The black and white photographs of Morrison were taken by German-born photojournalist Michael Montfort when the band performed in Frankfurt, Germany that September, and they manage to capture the strangely hazy, somewhat intense nature of the legendary lead singer. In one, Morrison looks right into the camera while leaning against a church pulpit; in another, he lies on the stage clutching the microphone with his back turned to the audience; in yet another, a sweat-drenched Morrison holds a leather jacket in one hand and makes a peace sign with the other.

jim morrison of the doors lying onstage
The Doors' Jim Morrison takes a break onstage during a Frankfurt concert in September 1968.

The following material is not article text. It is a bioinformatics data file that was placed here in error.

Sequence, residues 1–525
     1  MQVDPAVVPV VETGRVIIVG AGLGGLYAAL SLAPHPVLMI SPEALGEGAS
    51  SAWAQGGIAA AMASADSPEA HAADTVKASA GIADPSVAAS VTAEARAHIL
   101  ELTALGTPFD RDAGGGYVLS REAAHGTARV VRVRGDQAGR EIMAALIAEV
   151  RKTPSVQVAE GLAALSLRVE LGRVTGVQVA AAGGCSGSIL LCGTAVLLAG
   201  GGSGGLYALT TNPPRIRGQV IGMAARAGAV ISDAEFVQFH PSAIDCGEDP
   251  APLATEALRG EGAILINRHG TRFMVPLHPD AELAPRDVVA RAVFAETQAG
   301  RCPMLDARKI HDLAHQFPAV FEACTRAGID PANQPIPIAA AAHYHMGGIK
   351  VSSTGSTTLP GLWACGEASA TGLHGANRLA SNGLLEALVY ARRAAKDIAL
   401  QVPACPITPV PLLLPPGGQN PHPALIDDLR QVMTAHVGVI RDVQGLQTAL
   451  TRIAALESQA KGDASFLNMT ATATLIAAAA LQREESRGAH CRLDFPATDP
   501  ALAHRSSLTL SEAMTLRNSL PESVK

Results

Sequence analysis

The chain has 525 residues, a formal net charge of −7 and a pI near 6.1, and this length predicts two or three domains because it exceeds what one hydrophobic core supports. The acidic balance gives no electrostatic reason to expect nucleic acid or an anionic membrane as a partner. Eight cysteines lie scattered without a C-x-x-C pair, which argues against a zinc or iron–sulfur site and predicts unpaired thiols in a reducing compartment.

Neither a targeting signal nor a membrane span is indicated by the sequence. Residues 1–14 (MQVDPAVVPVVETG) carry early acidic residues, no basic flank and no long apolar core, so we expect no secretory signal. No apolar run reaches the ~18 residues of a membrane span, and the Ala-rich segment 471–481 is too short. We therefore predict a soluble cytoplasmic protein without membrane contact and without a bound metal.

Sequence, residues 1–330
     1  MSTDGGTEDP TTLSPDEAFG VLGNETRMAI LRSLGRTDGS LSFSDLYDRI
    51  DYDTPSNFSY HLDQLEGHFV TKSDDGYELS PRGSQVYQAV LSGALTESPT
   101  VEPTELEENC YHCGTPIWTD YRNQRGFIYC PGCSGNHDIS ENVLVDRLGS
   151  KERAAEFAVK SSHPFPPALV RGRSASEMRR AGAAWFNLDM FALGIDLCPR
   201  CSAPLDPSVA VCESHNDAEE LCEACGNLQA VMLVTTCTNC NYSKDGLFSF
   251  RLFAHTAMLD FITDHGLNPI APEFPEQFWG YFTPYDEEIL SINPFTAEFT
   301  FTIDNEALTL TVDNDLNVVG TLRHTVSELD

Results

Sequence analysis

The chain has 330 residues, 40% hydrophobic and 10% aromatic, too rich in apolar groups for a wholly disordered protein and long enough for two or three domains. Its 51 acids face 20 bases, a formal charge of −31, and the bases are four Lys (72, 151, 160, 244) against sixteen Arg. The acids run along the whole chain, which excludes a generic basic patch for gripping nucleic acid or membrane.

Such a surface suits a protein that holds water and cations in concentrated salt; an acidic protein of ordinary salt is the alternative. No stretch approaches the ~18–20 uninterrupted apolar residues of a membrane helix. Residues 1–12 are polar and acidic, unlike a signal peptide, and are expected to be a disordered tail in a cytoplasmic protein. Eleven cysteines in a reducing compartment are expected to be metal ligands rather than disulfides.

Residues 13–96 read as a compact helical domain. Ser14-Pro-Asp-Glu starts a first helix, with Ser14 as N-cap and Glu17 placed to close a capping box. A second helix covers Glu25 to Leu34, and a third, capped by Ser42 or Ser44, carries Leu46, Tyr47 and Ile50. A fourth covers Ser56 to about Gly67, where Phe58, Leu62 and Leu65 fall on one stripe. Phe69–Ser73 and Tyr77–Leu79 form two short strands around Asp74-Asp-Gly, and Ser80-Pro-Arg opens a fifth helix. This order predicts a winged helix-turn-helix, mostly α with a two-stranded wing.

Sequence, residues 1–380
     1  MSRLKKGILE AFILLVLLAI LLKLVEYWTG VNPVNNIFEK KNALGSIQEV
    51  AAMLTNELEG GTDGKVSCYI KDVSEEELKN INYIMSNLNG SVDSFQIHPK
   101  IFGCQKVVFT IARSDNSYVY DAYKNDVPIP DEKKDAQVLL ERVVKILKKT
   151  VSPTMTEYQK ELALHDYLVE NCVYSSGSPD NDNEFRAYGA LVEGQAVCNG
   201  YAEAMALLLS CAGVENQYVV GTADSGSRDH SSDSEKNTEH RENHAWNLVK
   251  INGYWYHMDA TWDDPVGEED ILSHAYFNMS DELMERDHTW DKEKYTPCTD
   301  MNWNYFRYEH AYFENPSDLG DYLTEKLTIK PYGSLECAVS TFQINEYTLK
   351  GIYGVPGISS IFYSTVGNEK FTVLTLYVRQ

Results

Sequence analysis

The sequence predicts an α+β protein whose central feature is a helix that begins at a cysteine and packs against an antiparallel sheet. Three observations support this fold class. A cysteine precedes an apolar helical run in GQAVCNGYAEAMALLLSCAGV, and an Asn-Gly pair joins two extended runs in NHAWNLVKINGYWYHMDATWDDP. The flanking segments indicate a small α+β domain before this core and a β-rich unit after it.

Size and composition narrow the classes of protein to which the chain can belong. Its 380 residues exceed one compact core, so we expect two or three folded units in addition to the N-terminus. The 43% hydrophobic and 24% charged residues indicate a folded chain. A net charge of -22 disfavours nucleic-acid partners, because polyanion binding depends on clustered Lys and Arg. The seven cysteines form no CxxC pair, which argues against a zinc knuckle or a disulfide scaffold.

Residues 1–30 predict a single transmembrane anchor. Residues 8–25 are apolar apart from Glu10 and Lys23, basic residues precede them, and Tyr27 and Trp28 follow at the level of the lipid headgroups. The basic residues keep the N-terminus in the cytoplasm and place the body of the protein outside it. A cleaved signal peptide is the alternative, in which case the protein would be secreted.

Michael Montfort, Swann Auction Galleries

The Doors played early hits like “Light My Fire” and “Break on Through (To the Other Side)” to raucous, devoted crowds across Europe, but the tour wasn’t without its calamities, due largely to Morrison’s substance abuse. After leaving Frankfurt, the band stopped to perform a show in Amsterdam, where a drug-addled Morrison collapsed on stage during Jefferson Airplane’s opening set. He was immediately taken to a hospital, and keyboard player Ray Manzarek stepped in as lead singer that night. Morrison finished the tour, but his drug addiction would continue to plague him until he died of a (suspected) overdose in Paris in 1971.

jim morrison the doors backstage photo
A messy-haired Morrison flashes a peace sign in 1968.
Michael Montfort, Swann Auction Galleries

The collection of nine photos is expected to fetch between $1500 and $2500, and you can place a bid here.

[h/t Swann Auction Galleries]